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Was Outsourcing the A/P Project the Right Move for Tegan Given the Other Possible Alternatives?
Outsourcing is usually an appropriate approach when the firm lacks the necessary expertise to facilitate the process of software development. However, if other alternatives are available, it is not usually the right move, given numerous risks and project failures associated with outsourcing. The case of Tegan outsourcing the A/P project was inappropriate. It is evident from the case that Tegan had highly skilled in-house employees that were knowledgeable regarding the functionality of the A/P system. In addition, the A/P project was merely tactical given the enormous effort associated with the implementation of the SAP project. Therefore, Tegan could have simply incorporated the A/P project into the larger SAP project instead of embarking on a rapid solution to address its increasing growth. Other considerations for Tegan prior to outsourcing of the A/P project included the use of co-sourcing, whereby the company could have only outsourced the upgrade of the Dunnock instead of a complete overhaul of the whole system. Tegan could have embarked on the internal customization of Dunnock to meet its changing business and user requirements.
What are the Tradeoffs Involved in Having the Requirements Analysis for a Project Performed by One of the Firms that Would Ultimately Bid on the Project?
Hrad performed the requirements analysis for the A/P project and later bid the project. The first significant tradeoff is that the provider will have an in depth understanding of the user and business requirements associated with the project. This implies that the bidding firm that performed the requirements analysis is in a better position to develop a system that best meets the user and business needs of the organization. This is because the bidding firm drafted the output of the advisory project, which places them in a better position to undertake the project effectively. Another tradeoff is that it places the organization in a better position to negotiate the contract terms and the project scope. However, there is a limitation associated with the likelihood that the provider will specify the project scope in accordance to its technical capabilities, which increases the risk of failure to fully meet project requirements. For instance, in this case, Hrad had an in-depth knowledge of the system, which placed them in a better position to offer a conservative bid that would increase their chances of winning the fixed contract while eliminating the potential undue risk.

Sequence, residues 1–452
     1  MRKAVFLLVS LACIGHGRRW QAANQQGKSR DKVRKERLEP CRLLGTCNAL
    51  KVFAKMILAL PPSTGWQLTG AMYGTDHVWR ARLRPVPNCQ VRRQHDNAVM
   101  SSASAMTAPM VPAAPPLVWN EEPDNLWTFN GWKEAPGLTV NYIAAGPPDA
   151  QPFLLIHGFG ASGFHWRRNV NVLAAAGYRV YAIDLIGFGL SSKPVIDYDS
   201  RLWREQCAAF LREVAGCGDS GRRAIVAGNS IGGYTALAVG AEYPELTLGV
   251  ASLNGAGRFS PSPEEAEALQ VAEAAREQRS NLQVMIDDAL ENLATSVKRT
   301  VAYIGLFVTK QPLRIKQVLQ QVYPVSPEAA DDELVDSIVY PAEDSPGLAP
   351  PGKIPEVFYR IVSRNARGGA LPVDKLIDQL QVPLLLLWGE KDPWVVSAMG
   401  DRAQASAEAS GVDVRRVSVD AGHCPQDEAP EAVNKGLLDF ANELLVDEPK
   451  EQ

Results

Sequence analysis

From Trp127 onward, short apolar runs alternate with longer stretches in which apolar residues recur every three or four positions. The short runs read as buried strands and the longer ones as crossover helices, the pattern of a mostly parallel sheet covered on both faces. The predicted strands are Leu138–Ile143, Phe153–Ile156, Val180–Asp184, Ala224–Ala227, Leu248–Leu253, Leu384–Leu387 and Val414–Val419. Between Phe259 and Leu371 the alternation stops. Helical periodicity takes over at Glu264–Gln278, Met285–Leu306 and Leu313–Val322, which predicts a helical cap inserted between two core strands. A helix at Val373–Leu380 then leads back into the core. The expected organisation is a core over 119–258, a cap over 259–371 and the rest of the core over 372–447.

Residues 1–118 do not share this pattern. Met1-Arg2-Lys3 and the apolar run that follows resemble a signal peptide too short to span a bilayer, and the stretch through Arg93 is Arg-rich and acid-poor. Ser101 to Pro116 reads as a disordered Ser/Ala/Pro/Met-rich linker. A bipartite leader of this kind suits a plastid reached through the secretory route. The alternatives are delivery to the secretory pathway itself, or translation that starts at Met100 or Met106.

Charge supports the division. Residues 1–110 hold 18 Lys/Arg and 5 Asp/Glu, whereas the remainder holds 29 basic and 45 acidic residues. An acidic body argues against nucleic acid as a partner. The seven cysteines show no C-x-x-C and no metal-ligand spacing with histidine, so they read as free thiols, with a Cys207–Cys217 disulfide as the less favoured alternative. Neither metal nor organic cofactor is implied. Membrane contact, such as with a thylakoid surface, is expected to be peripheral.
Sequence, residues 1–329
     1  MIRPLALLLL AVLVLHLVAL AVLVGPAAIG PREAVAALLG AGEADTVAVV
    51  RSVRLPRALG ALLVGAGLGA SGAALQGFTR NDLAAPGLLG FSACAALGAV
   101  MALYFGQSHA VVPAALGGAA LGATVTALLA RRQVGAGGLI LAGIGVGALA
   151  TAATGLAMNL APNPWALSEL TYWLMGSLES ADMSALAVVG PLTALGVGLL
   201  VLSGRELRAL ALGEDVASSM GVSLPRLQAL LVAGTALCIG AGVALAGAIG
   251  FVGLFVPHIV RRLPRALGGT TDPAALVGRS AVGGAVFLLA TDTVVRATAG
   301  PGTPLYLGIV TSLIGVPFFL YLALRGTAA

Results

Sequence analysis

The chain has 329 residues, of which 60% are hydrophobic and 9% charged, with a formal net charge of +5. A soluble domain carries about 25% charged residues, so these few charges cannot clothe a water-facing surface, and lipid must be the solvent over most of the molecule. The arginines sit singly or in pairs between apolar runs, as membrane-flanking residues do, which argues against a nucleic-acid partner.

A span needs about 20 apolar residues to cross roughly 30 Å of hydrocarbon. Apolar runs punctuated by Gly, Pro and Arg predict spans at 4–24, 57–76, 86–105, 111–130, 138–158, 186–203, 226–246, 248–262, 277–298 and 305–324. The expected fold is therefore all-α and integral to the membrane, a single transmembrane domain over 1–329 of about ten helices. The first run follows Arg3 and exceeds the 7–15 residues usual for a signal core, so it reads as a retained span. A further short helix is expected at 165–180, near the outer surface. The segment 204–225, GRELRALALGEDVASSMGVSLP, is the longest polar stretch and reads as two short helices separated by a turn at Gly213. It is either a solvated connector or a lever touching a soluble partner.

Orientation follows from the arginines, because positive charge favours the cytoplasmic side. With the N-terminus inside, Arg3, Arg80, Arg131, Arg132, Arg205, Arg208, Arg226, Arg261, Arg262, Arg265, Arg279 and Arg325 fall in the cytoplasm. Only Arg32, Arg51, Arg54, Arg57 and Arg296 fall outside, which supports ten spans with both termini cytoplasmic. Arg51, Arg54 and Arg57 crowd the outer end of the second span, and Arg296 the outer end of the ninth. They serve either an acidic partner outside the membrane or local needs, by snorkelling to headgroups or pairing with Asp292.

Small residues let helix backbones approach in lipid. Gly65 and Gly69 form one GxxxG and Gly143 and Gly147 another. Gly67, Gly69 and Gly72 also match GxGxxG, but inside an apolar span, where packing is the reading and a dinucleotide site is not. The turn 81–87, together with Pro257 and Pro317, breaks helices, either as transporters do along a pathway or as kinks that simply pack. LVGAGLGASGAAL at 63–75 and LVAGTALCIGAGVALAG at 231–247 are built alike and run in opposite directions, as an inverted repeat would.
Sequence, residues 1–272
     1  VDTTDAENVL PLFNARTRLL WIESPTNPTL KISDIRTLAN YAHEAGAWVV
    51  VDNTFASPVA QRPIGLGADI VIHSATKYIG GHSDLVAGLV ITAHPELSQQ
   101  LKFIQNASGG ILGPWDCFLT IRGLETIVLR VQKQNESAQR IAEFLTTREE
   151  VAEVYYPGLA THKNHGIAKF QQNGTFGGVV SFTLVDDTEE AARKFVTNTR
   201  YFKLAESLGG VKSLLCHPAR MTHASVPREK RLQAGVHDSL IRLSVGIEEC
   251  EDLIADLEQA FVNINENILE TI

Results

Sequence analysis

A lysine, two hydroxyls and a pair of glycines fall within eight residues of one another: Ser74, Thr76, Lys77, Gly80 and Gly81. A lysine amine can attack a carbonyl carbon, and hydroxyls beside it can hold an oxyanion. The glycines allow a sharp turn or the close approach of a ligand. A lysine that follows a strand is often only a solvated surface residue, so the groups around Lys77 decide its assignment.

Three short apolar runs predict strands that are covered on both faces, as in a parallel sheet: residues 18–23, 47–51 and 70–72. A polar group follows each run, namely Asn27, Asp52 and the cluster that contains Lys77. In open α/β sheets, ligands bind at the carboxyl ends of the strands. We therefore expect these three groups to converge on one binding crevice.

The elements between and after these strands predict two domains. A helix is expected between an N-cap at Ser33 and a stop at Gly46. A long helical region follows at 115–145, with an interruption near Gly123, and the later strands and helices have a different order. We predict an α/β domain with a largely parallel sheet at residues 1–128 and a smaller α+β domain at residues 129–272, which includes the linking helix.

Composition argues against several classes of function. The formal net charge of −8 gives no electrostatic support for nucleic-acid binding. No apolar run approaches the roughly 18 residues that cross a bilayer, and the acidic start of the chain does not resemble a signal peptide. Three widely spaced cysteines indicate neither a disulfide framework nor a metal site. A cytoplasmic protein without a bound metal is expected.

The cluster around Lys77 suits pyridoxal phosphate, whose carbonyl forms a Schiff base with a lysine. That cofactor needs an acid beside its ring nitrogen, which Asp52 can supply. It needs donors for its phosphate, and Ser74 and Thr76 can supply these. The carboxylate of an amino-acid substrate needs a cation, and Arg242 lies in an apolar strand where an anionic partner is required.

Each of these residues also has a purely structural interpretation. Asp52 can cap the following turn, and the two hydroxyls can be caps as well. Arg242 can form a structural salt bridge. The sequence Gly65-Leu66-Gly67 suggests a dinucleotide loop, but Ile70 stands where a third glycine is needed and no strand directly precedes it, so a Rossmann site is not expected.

Given our Journeys Through the World of System Development Methods in Recent Lectures, Discuss the Choice of the Development Methodology Employed by Hrad Technika.
The initial project development methodology adopted by Hrad was the waterfall model, implying that coding begins after the completion of the lower level design documents. The waterfall model entails requirements specification, design, implementation, verification, and maintenance. With the changing circumstances highlighted in the case, the waterfall model was not appropriate software development method because it was impractical for the project to continue without changes in user and business requirements. Constant change of user preferences poses the need to deploy an iterative method instead of relying on a linear software development methodology. The waterfall model usually leads to increased development time and cost, is rigid and high has instances of project overruns. Such software development methodology is not appropriate under a fixed price contract because there are no avenues for scope adjustments, implying that cases of scope creep increases the risk for the provider, in this case, Hrad Technika.